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Investigating and promoting new local legume symbioses for development in West African and Mediterranean countries

De Lajudie P., Neyra M., Galiana A., N'Zoué A., Sy A., Molouba F., Chaintreuil C., Moulin L., Le Roux C., Domergue O., Jourand P., Renier A., Mérabet C., Bekki A., Gueye M., Sylla S., Ndoye I., Diouf D., Wade T., Sow H., Houngnandan P., Zoubeirou A.M., Yattara I., Sacko O., Atallah T., Zakhia F., Mars M., Mahdhi M., Jeder H., Filali-Maltouf A., Mohamed S.H., Dreyfus B.. 2008. In : 8th European Nitrogen Fixation Conference, Gent, Belgium, August 30 - September 3, 2008. s.l. : s.n., p. 279-279. European Nitrogen Fixation Conference. 8, 2008-08-30/2008-09-03, Ghent (Belgique).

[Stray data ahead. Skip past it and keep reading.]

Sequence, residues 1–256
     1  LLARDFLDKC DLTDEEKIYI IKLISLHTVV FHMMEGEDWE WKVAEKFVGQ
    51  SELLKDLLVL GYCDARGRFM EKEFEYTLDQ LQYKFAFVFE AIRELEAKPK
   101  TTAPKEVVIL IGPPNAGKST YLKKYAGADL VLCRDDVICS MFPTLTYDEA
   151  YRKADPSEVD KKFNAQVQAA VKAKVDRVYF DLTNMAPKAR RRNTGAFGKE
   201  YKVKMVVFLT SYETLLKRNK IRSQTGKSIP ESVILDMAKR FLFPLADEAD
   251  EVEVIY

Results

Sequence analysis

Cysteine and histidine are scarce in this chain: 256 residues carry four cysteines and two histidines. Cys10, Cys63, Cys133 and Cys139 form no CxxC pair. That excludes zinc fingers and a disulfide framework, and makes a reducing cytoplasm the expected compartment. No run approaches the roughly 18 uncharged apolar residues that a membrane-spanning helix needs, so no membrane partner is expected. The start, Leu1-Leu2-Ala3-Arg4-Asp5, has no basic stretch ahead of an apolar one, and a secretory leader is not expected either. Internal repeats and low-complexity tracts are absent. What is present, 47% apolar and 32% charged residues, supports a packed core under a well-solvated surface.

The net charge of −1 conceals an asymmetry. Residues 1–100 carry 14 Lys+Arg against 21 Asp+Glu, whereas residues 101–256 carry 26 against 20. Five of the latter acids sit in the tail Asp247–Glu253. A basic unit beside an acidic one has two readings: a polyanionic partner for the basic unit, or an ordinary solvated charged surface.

ln the context of climate change, increasing earth population, and burst of energy cost, legumes should contribute more to 60th food security and sustainable management of natural resources (water and soils) in the next years. A collaborative work with research groups in several developing countries during the past 20 years focused on investigation and sampling of local wild legumes (herbs, shrubs, and trees) with environmental/agronomic/forestry potential in West Africa and in the Mediterranean region. New symbiotic systems were discovered, resulting in new models for fundamental research, and new applications. This is, for one part, due to their associated microsymbionts, often belonging to unexpected bacterial groups with original physiological/metabolic properties, i.e. photosynthesis, free-living nitrogen fixation, methylothrophy, tolerance to extreme environmental conditions (salinity, aridity, heavy metals, a,d hydrocarbon breakdown), stem nodulation, and beneficial associations with non-Iegume plants (cereals). This may account for their wider adaptation to a variety of plant species and ecological habitats than previously thought, opening new insights for the domestication of these "multipurpose rhizobia". Indeed, new arable soils are required worldwide, often from degraded lands, affected by aridity, salinity, mining activities, and pollution. Rhizobia may thus participate as tools. Several examples picked up from our diversity investigations over recent years will be presented to illustrate either success stories of beneficial use of these new symbioses or reasonably good perspectives of application of research in different aspects, soil fertility regeneration/maintenance, food crop production optimization (i.e. green manure, nematode control, and associated cultures), and sustainable environmental management. We will present how federations farmers organizations at the local, regional, and national levels became active collaborative partners in these studies, and how results can be efficiently disseminated to !heir end-user members (smal1 fanners, NGOs, foresters, agronomists, cattle breeders, industrials, etc). (Texte intégral)

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